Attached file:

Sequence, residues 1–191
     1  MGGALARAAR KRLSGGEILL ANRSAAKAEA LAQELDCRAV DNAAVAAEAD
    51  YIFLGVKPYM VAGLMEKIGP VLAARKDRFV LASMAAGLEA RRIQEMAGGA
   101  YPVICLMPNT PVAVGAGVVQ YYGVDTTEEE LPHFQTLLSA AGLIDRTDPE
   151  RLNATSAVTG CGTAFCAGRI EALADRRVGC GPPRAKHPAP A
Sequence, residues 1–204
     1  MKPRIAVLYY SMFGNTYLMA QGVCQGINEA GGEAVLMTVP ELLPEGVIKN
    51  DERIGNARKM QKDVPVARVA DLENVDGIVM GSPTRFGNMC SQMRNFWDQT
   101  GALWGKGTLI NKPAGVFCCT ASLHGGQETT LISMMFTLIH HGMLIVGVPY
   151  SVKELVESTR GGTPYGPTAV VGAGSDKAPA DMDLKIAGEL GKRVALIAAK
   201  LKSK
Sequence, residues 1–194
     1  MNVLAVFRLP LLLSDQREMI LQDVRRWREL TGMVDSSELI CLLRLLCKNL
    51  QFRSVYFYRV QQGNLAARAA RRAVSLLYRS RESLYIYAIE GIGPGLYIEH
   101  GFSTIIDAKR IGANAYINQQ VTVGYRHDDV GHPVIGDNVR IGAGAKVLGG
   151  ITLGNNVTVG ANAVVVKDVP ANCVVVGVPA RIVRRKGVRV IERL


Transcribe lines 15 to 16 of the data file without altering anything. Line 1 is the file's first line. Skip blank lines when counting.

   101  GFSTIIDAKR IGANAYINQQ VTVGYRHDDV GHPVIGDNVR IGAGAKVLGG
   151  ITLGNNVTVG ANAVVVKDVP ANCVVVGVPA RIVRRKGVRV IERL